With ownership of a boat, comes responsibility.
This responsibility involves maintaining your boat and ensuring that your investment is kept safe.
The harsh season of winter can be devastating to your boat. The winter is not forgiving at all. Therefore, it’s important that you take precautions to keep your boat protected.
This is where the act of ‘Winterizing’ comes into play. This is essentially the process of preparing your boat for the winter. There are quite a few things which this process involves, such as flushing your engine, draining the boat of all fuel and fluids, disconnecting electronics, washing the boat and more.
You may now be wondering how much to winterize a boat? This comes down to many different factors. Whether you’re winterizing your boat yourself or paying someone to do it professionally makes a huge difference in the average cost to winterize a boat.
This article will go into detail on the cost to winterize a boat.
The Importance of Winterizing
Winterizing your boat every year can be a bit of a hassle.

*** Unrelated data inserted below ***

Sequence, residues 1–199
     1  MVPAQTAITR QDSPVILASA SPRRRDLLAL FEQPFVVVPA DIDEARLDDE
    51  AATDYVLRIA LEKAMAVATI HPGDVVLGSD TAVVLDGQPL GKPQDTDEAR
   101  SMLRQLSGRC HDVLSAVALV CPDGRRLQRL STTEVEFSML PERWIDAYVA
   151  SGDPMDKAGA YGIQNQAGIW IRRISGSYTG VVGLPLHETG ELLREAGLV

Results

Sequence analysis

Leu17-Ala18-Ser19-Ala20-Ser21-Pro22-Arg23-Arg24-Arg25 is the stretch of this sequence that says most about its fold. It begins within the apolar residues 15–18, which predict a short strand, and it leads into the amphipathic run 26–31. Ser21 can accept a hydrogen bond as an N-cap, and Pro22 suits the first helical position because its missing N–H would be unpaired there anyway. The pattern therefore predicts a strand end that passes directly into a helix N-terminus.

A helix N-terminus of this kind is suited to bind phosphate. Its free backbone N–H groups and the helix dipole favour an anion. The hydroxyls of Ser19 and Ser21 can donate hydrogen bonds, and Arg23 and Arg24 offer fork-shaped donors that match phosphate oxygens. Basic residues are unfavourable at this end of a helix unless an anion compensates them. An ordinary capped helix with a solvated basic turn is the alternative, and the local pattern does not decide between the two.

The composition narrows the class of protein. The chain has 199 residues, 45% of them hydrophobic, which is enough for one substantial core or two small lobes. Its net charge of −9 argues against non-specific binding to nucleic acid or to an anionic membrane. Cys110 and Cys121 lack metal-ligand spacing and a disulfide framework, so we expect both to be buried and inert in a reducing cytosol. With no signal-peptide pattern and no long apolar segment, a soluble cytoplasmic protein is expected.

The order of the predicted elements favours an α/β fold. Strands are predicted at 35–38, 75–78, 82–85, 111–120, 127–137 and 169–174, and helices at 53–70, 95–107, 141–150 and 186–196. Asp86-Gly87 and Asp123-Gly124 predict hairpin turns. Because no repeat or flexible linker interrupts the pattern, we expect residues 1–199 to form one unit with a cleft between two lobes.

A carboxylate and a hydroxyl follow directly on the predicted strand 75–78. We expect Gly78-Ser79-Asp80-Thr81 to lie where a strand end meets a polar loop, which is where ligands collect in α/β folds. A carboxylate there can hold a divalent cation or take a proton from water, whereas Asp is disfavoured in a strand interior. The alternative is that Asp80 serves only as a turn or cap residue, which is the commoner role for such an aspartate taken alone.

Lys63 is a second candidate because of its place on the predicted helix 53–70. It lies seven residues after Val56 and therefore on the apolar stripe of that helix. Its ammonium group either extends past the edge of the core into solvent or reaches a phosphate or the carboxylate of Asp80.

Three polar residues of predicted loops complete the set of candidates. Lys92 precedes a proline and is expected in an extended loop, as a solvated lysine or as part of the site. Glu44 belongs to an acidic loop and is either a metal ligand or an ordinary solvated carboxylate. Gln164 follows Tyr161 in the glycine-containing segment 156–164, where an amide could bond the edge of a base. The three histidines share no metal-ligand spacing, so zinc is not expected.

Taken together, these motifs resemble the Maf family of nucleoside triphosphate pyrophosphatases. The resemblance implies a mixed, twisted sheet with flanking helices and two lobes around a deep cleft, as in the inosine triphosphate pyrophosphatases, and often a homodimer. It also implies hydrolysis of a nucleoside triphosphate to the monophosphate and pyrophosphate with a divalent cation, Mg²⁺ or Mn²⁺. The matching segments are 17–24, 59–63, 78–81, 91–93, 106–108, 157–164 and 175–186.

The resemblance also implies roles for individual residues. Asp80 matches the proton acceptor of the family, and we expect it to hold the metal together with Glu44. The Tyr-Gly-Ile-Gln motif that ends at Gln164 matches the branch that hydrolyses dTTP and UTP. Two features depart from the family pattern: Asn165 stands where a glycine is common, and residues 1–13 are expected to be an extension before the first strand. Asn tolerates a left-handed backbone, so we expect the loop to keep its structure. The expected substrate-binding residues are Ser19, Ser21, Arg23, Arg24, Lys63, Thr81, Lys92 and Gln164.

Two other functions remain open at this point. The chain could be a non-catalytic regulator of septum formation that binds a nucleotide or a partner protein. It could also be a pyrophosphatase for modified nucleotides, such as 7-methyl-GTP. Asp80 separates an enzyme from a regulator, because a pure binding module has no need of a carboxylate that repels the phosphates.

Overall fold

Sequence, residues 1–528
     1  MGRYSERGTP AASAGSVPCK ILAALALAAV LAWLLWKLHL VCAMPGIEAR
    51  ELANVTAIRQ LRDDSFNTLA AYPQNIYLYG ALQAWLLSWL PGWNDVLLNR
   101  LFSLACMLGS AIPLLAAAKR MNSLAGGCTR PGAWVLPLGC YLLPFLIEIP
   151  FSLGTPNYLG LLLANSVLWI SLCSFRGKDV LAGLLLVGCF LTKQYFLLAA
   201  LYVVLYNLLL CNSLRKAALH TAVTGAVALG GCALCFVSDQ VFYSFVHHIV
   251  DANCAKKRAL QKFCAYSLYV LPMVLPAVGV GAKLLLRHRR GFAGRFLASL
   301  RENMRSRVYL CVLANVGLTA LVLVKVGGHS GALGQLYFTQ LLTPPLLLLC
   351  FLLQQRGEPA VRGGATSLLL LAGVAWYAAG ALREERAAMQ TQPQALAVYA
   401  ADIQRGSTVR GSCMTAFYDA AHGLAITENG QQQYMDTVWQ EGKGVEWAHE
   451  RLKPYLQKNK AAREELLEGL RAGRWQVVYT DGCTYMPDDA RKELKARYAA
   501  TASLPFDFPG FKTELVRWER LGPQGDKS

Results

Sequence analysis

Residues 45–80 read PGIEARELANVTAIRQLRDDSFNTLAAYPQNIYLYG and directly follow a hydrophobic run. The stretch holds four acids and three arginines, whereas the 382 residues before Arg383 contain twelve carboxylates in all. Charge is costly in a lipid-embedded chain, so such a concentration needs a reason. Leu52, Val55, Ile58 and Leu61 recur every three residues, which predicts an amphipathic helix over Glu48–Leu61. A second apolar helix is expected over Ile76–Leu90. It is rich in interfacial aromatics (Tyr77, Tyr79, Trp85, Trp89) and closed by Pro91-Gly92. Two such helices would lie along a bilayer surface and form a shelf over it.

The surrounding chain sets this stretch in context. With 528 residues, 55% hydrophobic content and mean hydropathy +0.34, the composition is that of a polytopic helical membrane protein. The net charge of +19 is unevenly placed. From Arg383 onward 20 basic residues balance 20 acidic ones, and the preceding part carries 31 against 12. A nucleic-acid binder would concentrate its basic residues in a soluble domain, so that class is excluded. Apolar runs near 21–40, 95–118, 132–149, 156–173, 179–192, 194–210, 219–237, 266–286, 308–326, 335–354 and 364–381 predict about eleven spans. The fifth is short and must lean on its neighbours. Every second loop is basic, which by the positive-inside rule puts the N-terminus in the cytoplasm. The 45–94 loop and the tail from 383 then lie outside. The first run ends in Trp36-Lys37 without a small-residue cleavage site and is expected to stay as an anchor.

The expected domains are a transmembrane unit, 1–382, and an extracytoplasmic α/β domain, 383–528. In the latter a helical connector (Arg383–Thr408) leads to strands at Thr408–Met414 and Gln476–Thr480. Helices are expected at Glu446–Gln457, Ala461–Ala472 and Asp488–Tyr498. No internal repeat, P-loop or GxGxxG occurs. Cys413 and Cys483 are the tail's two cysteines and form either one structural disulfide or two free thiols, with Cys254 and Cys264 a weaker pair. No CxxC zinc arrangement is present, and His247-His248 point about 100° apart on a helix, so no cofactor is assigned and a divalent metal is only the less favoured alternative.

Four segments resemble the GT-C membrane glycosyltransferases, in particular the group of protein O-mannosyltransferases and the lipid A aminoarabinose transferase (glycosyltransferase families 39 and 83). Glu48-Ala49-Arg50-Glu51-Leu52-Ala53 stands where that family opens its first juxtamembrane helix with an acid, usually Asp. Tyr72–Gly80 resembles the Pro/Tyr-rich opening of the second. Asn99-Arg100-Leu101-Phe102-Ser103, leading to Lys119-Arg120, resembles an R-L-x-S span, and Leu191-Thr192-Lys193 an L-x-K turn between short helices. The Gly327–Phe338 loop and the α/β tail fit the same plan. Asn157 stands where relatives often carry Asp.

Let’s not forget that you’ll also need to de-winterize your boat before you use it again.
The effort required in combination with the costs of winterizing your boat may seem daunting however, the cost of not winterizing your boat can be a lot more devastating.
Insufficient of not winterizing your boat at all can result in frozen liquids expanding and damaging your boat. Mildew and mold may grow, ruining the interior of your boat and corroding metal and wiring. These all equate to expensive repairs.
The cost of a new engine is going to be a whole lot more than the cost to winterize a boat. Therefore, winterizing your boat is worth it. The process may seem long and expensive, however the cost of not winterizing it will be much more of a headache. I know far too many people who though they knew better and decided to skip the winterization process, they’ve all come to regret the decision and now winterize their boats every winter without fail.
The Average Cost to Winterize A Boat
I’ll try not to waste your time, if you’re just here for the figures then I’ll tell you that the average cost of winterizing your boat is around the mark of $300.